It was a disaster scene out front of Marc Jacobs New York Armory show, where torrential rain threatened arriving guests scrambling to their seats for the bang-on 8pm presentation (stranding a slew of celebrities and editors arriving a minute or two late including Sophia Coppola and Drew Barrymore, relegated to the standing section). The raging storm outside appeared strangely portentous, setting the scene for the sartorial tempest Jacobs’ presented for Spring/Summer 14. Against a dramatic post-apocalyptic backdrop complete with overturned bus, destroyed beach and wrecked teepee, a stream of eerie lookalike models with blunt bleached-out dirty-dyed bobs walked the black gravel catwalk to the foreboding beat of Aphex Twin’s Icct Hedral (Philip Glass Orchestration). It was a dark, gloomy and equally decadent vision, a nightmarish spectacle that saw grunge given an elaborate Victoriana spin.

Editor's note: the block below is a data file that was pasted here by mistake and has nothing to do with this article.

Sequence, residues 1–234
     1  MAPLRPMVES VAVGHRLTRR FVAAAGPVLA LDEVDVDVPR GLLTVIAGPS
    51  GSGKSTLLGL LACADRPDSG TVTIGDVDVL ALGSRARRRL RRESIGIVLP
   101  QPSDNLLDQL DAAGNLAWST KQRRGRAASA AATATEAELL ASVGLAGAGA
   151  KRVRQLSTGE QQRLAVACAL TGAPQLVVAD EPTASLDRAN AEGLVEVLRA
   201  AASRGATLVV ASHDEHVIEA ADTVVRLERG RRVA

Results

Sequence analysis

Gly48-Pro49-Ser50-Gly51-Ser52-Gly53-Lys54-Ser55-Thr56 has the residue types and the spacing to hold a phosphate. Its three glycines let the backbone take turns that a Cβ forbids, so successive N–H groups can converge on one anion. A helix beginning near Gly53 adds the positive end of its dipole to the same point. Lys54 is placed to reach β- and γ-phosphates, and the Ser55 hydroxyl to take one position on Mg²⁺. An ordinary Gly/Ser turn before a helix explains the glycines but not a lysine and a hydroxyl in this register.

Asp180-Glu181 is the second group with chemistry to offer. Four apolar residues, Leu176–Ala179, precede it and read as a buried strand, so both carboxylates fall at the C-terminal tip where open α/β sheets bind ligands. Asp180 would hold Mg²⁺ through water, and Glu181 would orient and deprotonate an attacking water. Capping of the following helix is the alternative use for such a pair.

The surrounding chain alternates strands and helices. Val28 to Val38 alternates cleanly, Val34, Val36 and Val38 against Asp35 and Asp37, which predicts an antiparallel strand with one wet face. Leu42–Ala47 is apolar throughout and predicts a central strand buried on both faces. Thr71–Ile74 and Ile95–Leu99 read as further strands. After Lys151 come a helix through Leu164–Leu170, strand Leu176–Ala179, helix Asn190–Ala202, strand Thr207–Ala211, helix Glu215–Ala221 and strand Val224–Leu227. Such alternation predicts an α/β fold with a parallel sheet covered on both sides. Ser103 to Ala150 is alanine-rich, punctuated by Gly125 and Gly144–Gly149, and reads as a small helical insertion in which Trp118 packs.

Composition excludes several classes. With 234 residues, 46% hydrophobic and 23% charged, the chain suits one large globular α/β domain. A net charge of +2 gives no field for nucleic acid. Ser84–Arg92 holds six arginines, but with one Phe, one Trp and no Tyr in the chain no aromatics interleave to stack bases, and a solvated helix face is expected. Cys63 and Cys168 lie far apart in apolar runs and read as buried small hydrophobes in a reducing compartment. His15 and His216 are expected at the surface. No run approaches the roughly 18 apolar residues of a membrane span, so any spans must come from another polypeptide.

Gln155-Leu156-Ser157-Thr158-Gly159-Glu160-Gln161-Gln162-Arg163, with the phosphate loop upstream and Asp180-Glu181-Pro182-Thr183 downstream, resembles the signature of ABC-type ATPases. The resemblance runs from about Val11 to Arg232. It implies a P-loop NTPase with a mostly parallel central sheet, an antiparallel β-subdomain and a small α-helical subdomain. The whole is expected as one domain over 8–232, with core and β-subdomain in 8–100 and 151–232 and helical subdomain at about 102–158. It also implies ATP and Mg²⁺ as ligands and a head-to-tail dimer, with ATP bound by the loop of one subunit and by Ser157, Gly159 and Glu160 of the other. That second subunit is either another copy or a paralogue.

Marrying the 1990’s with the 1890s, the collection included heavily embellished floor length puff-sleeve dresses and skirts paired with chunky hiking sandals and flat sequined boots, teamed with oversize tassled, beaded and appliquéd jackets. Offhand yet experimental, the looks in deep jewel tones appeared an homage to ninties alternative style, a celebration of art-school freaks in DIY charity-shop ensembles equally at home in a battered Victorian dress as grandpa pants and sneakers. There was much to ruminate over as the show drew to a close, the least of which was why Jacobs presented what appeared to be winter-wear for summer. Was the designer alluding to the grand narrative that is the Global Warming crisis and our inability to curb mass consumption – or was this nightmarish scene just the imagined morning after an epically riotous, very well-dressed, party? I suspect the latter, but like to think fashion has the capability to engage on the discourse of important global themes - either way, it was an exciting and thought-provoking end to NYFW and a reminder of what a creative power Marc Jacobs continues to be.